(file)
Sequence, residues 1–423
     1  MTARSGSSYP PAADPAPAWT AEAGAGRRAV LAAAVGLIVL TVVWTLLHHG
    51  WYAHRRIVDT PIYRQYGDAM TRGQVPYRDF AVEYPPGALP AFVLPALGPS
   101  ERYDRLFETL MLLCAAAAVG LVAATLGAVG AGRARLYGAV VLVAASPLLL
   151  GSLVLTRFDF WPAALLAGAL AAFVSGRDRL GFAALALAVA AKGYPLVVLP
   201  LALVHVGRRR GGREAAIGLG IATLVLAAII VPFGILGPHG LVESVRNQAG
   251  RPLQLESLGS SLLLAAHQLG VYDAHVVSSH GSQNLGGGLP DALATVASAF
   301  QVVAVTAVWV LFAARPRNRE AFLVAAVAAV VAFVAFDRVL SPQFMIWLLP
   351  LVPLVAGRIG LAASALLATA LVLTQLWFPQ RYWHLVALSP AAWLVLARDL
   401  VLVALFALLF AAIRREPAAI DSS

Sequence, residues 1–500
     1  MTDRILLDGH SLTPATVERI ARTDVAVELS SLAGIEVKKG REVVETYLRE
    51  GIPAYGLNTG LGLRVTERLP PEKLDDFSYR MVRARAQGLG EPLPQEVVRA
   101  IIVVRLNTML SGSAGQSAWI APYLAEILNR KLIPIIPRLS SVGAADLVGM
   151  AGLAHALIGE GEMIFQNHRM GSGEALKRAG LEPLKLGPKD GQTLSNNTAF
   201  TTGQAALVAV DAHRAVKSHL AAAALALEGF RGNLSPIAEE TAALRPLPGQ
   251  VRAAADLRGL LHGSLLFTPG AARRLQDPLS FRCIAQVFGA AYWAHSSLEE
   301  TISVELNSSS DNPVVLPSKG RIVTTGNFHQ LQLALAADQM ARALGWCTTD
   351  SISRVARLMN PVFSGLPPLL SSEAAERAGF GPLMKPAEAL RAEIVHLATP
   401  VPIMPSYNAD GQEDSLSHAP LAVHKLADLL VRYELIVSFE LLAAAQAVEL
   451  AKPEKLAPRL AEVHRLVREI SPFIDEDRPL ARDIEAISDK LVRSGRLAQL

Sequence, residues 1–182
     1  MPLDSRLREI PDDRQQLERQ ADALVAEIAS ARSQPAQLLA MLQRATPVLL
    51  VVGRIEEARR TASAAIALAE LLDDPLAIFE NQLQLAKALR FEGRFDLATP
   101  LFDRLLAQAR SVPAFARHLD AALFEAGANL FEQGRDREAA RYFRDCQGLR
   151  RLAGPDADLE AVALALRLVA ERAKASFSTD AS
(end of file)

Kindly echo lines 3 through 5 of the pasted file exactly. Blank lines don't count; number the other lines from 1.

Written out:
    51  WYAHRRIVDT PIYRQYGDAM TRGQVPYRDF AVEYPPGALP AFVLPALGPS
   101  ERYDRLFETL MLLCAAAAVG LVAATLGAVG AGRARLYGAV VLVAASPLLL
   151  GSLVLTRFDF WPAALLAGAL AAFVSGRDRL GFAALALAVA AKGYPLVVLP